Georgia classifies a misdemeanor as any criminal act not considered a felony. Some common misdemeanors in Georgia include selling alcohol to minors, simple assault, shoplifting items worth less than $300 and sexual offenses, such as rape and child pornography. When considering punishment, the state further splits these offenses into general misdemeanors and “Misdemeanors of a High and Aggravated Nature.” These latter offenses indicate repeated or severe misdemeanor violations and generally signify an increase in punishment.
Anyone convicted of a misdemeanor in Georgia cannot receive a sentence greater than one year imprisonment. Generally speaking, Georgia's penal code calls for punishment of up to one year, and judges possess a wide degree of latitude in assigning these sentences. If sentenced, an individual convicted of a misdemeanor may serve his imprisonment in a county or local jail or another type of correctional institution. If the sentence amounts to less than six months, the judge can also assign a weekend-only sentencing plan that permits the convicted to work during the week and serve her sentence on the weekends. Once imprisoned, an inmate can earn up to a four-day per month reduction of her sentence for good behavior.
Georgia sets a minimum fine for certain crimes. Individuals convicted of their first DUI offense incur a minimum fine of $300, while a second offense doubles this penalty to a $600 minimum. Judges can impose fines up to $5,000 for individuals convicted of a misdemeanor of a high or aggravated nature.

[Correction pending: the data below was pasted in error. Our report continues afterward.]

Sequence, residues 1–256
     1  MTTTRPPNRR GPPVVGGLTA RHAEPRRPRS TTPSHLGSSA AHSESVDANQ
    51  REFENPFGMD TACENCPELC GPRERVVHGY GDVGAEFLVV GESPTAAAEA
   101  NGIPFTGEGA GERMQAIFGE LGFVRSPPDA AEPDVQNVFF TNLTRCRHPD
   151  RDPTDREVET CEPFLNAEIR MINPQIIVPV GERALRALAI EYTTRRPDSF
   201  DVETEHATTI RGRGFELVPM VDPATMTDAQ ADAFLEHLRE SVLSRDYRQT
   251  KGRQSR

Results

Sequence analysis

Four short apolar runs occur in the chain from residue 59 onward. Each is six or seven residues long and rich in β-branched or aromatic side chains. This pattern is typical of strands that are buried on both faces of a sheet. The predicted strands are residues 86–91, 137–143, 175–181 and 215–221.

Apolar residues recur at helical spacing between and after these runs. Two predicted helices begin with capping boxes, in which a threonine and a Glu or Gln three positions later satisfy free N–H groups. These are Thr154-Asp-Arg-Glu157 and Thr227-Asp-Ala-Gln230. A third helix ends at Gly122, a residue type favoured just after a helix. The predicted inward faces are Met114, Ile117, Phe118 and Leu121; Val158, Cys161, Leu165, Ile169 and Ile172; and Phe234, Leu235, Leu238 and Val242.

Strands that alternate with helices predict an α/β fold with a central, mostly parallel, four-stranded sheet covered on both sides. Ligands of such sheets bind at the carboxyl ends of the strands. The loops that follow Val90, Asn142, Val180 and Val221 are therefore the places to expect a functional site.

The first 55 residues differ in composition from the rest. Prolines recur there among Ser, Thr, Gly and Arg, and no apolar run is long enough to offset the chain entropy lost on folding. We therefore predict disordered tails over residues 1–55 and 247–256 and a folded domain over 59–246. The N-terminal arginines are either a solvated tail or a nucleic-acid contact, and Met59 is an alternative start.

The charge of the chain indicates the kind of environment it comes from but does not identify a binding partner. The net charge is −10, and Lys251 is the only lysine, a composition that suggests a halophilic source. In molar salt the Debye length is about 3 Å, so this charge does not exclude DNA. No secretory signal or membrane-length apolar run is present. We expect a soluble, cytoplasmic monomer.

Loss of Privileges
A misdemeanor conviction can also result in a loss of a wide range of privileges, depending on the type of offense committed. For instance, a misdemeanor conviction for battery against a spouse can result in the loss of gun possession privileges or overnight visitation with children. Individuals convicted of misdemeanor drug possession can lose college scholarships. Those convicted of a first DUI automatically lose their driver’s license for one year, although they can apply for an exemption to travel to and from employment. A second DUI offense carries a three-year suspended license. Judges can also order a repeat DUI offender to take a mandatory alcohol or drug treatment program.
Judges can also order community service in lieu of or in addition to imprisonment or fines. Some offenses automatically carry a community service penalty; for example, a first DUI conviction mandates 40 hours of service.
Under Georgia law, a judge can convert any part of an offender's sentence to probation. Under probation, an individual must uphold certain conditions, such as not receiving another traffic ticket or DUI, or violating the law. The judge can also mandate regular meetings with a probation officer or court-appointed agent.
Since 2005, James Rutter has worked as a freelance journalist for print and Internet publications, including the “News of Delaware County,” “Main Line Times” and Broad Street Review. As a former chemist, college professor and competitive weightlifter, he writes about science, education and exercise. Rutter earned a B.A. in philosophy and biology from Albright College and studied philosophy and cognitive science at Temple University.